A simple screen element that goes unnoticed by many companies when creating website interactions can cause headaches and confusion for site visitors every time they try to interact. The culprit? The login language.
Getting a site visitor to register and create an account is a nice-to-have for some retailers or services that are working to forge relationships. But for banks, utility companies with online payment systems, firms that manage employee benefits, and B to B sites, it’s required. So why is it so hard?
Setting the scene for confusion
Say you are an average site user, and you decide to set up an account on a website you plan to use more than once. You select the button that reads REGISTER. You are then asked to supply your name and email address, and to create a password. Maybe you answer a few other questions, too. Hit SUBMIT and bingo, you have an account.
Time passes. Now it’s a week, or a month, or three months later. You return, and select SIGN IN. You are asked to enter your User ID and your password.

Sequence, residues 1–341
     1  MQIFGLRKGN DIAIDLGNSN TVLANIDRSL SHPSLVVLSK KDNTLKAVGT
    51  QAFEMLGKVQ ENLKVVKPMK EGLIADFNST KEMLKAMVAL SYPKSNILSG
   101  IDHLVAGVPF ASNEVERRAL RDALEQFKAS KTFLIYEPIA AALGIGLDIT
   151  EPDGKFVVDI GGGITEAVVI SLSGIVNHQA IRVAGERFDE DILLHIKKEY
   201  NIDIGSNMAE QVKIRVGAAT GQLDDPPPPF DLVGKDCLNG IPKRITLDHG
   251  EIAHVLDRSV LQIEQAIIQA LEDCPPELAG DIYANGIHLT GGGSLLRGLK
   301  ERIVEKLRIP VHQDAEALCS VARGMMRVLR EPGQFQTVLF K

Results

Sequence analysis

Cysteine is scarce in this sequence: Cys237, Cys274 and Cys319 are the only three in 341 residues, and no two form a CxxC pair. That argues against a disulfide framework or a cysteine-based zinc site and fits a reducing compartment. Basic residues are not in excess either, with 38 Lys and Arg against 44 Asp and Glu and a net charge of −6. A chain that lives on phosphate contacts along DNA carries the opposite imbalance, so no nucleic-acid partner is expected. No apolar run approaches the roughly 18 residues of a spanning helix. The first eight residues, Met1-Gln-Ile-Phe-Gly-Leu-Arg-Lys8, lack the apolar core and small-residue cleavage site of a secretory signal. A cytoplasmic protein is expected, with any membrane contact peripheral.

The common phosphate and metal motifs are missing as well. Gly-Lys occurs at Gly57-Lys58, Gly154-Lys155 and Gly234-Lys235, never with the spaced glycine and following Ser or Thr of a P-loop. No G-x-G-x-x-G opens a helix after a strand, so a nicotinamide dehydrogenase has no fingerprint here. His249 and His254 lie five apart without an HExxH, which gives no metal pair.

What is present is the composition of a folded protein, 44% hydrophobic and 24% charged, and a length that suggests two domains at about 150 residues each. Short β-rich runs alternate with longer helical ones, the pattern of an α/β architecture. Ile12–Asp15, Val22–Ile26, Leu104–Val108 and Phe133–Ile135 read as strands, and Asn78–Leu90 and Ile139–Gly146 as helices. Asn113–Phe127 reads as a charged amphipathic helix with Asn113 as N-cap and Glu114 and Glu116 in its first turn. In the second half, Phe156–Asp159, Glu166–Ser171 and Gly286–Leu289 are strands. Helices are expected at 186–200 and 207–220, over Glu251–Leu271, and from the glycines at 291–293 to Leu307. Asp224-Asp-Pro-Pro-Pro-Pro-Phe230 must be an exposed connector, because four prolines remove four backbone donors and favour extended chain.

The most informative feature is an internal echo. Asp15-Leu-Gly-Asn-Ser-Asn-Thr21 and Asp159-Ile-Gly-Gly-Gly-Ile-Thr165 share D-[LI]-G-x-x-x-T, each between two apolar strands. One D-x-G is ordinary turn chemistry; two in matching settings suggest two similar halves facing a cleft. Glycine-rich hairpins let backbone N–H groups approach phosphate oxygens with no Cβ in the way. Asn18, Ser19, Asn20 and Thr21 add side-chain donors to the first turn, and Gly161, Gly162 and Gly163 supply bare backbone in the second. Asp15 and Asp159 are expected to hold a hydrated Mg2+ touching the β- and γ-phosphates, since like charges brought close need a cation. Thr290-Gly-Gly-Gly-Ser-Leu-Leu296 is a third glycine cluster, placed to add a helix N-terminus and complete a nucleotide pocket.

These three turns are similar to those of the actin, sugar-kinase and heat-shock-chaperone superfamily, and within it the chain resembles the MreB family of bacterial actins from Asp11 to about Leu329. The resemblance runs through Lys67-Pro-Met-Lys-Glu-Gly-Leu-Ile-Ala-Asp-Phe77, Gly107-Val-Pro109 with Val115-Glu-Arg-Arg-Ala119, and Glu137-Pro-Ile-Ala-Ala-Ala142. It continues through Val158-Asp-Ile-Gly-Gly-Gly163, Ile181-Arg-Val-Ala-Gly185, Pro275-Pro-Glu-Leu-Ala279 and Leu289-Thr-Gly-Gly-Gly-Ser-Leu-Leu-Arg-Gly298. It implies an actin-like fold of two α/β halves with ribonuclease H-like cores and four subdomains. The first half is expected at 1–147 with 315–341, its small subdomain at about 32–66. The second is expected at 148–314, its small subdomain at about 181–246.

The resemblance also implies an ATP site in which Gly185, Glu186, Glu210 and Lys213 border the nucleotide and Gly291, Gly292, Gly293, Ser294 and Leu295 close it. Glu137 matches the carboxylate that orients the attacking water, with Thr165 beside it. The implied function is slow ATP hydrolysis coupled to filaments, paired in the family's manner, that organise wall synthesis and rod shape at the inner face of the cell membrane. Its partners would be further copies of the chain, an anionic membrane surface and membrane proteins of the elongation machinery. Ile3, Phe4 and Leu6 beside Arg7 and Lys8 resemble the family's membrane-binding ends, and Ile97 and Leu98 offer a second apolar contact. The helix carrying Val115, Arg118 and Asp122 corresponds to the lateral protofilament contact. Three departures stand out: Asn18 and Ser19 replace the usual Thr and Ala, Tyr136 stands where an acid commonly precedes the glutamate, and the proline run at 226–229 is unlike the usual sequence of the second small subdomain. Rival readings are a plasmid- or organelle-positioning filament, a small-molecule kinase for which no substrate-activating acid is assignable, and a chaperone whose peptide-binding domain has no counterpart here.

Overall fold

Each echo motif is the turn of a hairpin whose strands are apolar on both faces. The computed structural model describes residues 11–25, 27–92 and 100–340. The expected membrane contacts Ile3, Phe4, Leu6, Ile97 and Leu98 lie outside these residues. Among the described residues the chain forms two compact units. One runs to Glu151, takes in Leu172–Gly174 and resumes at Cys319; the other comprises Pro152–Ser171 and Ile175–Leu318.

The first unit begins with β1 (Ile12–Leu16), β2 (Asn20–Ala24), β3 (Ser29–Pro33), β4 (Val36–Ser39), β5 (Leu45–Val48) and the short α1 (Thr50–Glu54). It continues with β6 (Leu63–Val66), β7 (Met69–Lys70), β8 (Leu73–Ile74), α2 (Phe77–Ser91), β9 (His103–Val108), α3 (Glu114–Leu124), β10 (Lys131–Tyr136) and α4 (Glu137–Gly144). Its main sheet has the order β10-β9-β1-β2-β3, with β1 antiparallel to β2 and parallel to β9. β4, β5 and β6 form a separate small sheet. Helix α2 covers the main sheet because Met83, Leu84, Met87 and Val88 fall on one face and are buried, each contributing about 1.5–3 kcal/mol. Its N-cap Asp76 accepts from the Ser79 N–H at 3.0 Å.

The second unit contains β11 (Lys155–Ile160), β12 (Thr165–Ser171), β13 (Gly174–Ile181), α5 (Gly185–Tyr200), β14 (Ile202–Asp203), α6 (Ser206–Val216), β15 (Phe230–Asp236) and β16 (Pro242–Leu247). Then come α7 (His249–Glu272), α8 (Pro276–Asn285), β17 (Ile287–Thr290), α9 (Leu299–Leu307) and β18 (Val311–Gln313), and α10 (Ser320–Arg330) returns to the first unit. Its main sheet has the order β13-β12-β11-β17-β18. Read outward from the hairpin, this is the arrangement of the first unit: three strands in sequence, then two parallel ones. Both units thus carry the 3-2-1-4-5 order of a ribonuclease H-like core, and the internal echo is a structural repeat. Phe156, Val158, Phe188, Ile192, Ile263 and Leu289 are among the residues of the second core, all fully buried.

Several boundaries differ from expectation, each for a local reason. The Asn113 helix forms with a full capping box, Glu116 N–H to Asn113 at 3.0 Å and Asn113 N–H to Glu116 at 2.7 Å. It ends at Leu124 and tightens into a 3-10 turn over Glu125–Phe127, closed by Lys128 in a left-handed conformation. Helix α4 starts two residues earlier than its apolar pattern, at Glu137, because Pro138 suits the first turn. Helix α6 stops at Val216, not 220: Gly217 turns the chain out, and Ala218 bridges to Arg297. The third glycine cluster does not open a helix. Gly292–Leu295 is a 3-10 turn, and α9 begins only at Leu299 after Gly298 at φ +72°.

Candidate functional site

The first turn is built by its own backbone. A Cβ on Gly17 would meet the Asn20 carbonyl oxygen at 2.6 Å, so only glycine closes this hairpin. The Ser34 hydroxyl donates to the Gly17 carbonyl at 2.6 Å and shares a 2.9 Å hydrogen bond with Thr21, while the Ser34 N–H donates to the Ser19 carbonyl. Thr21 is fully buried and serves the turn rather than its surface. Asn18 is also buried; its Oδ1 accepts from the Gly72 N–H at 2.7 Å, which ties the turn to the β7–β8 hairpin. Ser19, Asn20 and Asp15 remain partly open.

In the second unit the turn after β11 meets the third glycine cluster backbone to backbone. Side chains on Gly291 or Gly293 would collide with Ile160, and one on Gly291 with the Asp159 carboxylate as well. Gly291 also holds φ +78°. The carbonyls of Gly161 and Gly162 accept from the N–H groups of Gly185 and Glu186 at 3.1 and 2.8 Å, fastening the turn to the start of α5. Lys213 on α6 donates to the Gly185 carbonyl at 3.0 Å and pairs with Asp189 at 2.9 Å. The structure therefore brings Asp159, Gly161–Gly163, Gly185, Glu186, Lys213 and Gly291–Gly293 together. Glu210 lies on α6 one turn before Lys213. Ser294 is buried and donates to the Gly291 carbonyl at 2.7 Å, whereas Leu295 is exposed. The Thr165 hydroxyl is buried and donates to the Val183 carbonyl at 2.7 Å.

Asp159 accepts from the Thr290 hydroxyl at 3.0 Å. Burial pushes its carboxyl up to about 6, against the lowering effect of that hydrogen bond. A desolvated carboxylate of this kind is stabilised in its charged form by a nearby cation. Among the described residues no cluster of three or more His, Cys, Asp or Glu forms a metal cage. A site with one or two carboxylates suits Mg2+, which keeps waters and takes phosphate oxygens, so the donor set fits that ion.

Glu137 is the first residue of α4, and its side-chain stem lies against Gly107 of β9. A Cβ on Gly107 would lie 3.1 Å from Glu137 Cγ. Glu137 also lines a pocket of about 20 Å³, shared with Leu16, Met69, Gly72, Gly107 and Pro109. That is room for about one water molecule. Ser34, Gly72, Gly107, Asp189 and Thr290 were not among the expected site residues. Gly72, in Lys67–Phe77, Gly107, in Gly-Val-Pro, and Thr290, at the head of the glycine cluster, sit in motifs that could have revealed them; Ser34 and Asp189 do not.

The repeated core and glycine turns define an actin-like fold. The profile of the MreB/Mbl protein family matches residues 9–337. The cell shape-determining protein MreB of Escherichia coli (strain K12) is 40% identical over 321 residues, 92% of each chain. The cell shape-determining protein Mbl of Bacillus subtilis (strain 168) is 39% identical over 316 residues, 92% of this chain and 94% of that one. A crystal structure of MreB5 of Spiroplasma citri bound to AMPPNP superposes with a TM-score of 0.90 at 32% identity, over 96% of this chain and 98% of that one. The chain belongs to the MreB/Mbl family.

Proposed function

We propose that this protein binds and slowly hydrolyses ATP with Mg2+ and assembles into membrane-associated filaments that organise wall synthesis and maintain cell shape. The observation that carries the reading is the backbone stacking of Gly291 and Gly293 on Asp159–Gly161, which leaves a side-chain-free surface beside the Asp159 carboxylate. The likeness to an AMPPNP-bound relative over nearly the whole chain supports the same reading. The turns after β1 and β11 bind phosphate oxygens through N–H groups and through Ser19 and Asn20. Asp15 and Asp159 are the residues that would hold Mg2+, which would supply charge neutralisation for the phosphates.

Unless all of your visitors are ardent users of 1Password or another password manager software, there’s a good chance they have no idea what their User ID is. After a few failed guesses, your site visitor may be frustrated or worse, locked out.
Lead your visitor with specific prompts
The goal should be to make it as clear and easy as possible for your returning visitor to sign in. If the User ID or username the site wants is a member number, say so on the screen and tell them where to go to find their member number – “look on your member card,” or “look on your bill.” If it’s an email address, it’s as simple as placing “Enter your email address” above the form field. Don’t ask for one thing during the registration process, and then something else when a user returns.
Strive for consistent labeling everywhere
Depending on which page you visit, or where you are in a process, you may be asked to “sign in,” “log in,” or “logon” – all on the same site. Choose one way of referring to the process of secure entry, and apply it everywhere.
It’s a small thing. But small things make a big difference in making your customers love you -- or not.